Exploring Azorath Part I – Prehistory

History runs deep indeed. The Mahagara was eons gone. Earth’s Lllfari had been dust for a hundred thousand years, their last traces scoured from the planet by glacial ice. The Dreamtime had come and gone, taking the Orb of the Archmage with it into the shadows and leaving a vexing legacy in the racial mind to trouble later generations. The death-mages of the Ru’Kahl had shorn branches from Earth’s Tree of Life, but failed to strike it’s roots, and the last refuges of Homo Neanderthalensis were ten thousand years gone.

It was nearly thirty thousand years ago. For humanity, the distant past – but barely a droplet in the fathomless pools of deep time. It was in what a later age would know as Europe, near the peak of the last ice age.

The tribe knew bone and pottery, leather, twine, and chipped flint. They ground wild seeds for flour, they used needles, and shamanistic magic, and painted spells onto the very living rock. With spells, fire, and hands they drew dogs into their tribes and manipulated wild cattle and a few other animals. They decorated with beads, inscriptions, and paint, healed with herbs, and passed on the memory-stones which carried the ancient tales. They hunted and defended themselves with spears and knives and simple bows. They knew the roles of the Chieftain, the Shaman, the Bowyer, the Potter, and a few other specialists. They knew how to organize a small tribe and how to exploit the resources of the land to support that tribe.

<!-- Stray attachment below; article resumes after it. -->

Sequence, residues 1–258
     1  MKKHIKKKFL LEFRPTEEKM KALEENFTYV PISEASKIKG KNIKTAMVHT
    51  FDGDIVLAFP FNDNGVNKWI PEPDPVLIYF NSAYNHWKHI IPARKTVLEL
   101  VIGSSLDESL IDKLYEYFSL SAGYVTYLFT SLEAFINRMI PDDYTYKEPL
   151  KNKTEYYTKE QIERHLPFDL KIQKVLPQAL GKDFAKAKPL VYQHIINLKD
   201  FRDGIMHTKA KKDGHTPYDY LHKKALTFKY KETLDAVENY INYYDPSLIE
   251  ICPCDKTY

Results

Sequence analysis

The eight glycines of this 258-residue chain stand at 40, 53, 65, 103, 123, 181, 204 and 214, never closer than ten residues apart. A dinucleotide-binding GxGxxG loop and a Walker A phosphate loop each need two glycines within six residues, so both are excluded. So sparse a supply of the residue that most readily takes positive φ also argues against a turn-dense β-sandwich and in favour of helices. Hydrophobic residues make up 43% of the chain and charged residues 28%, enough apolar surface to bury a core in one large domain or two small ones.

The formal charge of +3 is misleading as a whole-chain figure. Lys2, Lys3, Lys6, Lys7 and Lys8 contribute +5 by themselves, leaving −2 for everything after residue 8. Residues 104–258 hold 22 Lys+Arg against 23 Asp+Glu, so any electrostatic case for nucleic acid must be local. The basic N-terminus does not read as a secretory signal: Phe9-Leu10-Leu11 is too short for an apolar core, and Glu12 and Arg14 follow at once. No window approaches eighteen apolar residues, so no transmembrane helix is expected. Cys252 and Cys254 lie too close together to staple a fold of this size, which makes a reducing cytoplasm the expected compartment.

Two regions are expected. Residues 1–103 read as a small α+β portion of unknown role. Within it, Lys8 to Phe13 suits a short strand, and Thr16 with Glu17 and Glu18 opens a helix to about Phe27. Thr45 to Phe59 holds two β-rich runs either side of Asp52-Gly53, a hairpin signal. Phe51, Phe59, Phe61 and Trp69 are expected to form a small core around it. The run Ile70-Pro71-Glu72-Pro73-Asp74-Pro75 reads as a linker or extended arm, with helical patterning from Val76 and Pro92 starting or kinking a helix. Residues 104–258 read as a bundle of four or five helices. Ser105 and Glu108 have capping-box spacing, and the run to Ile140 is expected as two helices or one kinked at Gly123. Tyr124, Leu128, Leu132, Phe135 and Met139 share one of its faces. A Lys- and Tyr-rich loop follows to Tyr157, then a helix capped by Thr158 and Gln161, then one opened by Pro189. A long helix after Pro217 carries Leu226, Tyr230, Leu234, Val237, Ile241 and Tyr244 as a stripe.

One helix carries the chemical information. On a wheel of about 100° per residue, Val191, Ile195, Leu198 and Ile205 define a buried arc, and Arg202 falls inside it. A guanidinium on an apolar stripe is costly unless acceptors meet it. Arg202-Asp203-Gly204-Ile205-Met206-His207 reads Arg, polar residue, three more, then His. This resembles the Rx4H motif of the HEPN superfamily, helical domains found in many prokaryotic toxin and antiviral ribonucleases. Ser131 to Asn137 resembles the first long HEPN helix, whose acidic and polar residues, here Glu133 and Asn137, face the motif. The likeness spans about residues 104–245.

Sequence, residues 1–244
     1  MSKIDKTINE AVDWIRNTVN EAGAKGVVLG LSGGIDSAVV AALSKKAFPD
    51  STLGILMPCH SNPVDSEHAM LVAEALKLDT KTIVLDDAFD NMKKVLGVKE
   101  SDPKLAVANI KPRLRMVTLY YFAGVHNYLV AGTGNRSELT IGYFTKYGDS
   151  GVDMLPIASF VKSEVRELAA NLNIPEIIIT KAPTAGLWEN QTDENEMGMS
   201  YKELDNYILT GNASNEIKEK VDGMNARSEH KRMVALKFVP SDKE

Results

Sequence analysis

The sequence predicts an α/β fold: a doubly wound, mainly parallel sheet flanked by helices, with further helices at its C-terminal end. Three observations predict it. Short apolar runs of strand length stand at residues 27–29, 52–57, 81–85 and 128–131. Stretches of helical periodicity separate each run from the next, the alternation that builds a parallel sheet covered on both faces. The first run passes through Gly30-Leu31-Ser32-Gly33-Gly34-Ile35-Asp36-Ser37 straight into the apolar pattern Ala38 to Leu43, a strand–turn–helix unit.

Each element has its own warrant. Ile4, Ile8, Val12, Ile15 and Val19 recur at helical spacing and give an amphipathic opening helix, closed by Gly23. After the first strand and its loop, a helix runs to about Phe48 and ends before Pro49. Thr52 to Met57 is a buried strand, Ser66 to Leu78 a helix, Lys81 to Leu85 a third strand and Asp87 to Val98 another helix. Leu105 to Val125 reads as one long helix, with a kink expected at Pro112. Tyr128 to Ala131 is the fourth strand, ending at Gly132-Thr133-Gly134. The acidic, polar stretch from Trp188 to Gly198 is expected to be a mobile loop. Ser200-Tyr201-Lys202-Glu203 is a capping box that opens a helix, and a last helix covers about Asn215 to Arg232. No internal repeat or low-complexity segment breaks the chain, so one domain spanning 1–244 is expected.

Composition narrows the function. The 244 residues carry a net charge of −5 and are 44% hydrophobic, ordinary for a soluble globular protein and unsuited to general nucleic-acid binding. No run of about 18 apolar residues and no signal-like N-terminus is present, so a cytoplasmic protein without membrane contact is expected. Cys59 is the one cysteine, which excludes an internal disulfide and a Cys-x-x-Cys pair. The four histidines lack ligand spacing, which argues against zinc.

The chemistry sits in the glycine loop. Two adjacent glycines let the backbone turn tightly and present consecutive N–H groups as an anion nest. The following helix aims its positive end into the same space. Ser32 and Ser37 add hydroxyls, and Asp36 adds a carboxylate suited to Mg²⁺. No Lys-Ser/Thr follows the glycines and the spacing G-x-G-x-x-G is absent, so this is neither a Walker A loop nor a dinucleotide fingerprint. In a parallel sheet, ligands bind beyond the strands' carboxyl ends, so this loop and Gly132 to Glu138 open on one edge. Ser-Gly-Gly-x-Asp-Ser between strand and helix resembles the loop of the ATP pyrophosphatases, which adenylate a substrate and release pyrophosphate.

And in the way of things, a child was born. But in THIS child was great power. Both the ability to channel power into his body to enhance himself and the potential for formidable powers of the mind. Powers far beyond the talents of the tribal shaman – and he was growing old. He taught the child to take his place.

But young Azuri was far too powerful and too ambitious for the boundaries of the tribe and it’s territories to contain. He took leadership of his tribe in his early teens. By twenty he had subjugated the neighboring tribes, and enjoyed the privileges of a mighty chieftain and warlord – the tastiest fruits and roots, the best cuts of meat, the attentions of his subjects, and what comforts and pleasures the world offered. Unfortunately, his subjects were too numerous. The old ways of organizing the tribe, of gathering food, of settling disputes, of dividing labor and spoils, were failing. Azor’s life and ambitions were falling apart – and he could not see why. For all his power, exhaustion limited him. He could not make up every shortcoming personally.

Azor prayed, and offered sacrifice, and sent more than one messenger to the gods – but the gods did not help him. And so he turned his eyes upon the infinite depths, upon the haunts of the demons who had surely cursed him. In his arrogance he disregarded the ancient warnings, and breached the ages-old wards wrapped around the Earth. He touched the thoughts of the Elder Ones, and their darkness took root in him. Powers immensely older, greater, and darker than his own – but powers united with him in a common drive; to survive and claim the cosmos.